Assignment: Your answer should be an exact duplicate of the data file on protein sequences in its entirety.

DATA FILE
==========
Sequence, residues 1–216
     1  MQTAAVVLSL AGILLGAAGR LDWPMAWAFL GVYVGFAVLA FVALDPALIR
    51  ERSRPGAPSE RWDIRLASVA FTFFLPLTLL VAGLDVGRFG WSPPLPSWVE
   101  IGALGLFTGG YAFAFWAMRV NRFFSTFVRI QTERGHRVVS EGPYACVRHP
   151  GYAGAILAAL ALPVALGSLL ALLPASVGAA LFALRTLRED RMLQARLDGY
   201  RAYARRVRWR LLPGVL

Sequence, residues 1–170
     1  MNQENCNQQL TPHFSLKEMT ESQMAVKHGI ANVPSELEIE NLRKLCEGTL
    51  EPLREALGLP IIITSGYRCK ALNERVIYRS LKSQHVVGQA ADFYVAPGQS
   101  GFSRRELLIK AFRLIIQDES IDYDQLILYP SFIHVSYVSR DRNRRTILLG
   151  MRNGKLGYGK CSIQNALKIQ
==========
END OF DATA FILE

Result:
Sequence, residues 1–216
     1  MQTAAVVLSL AGILLGAAGR LDWPMAWAFL GVYVGFAVLA FVALDPALIR
    51  ERSRPGAPSE RWDIRLASVA FTFFLPLTLL VAGLDVGRFG WSPPLPSWVE
   101  IGALGLFTGG YAFAFWAMRV NRFFSTFVRI QTERGHRVVS EGPYACVRHP
   151  GYAGAILAAL ALPVALGSLL ALLPASVGAA LFALRTLRED RMLQARLDGY
   201  RAYARRVRWR LLPGVL

Sequence, residues 1–170
     1  MNQENCNQQL TPHFSLKEMT ESQMAVKHGI ANVPSELEIE NLRKLCEGTL
    51  EPLREALGLP IIITSGYRCK ALNERVIYRS LKSQHVVGQA ADFYVAPGQS
   101  GFSRRELLIK AFRLIIQDES IDYDQLILYP SFIHVSYVSR DRNRRTILLG
   151  MRNGKLGYGK CSIQNALKIQ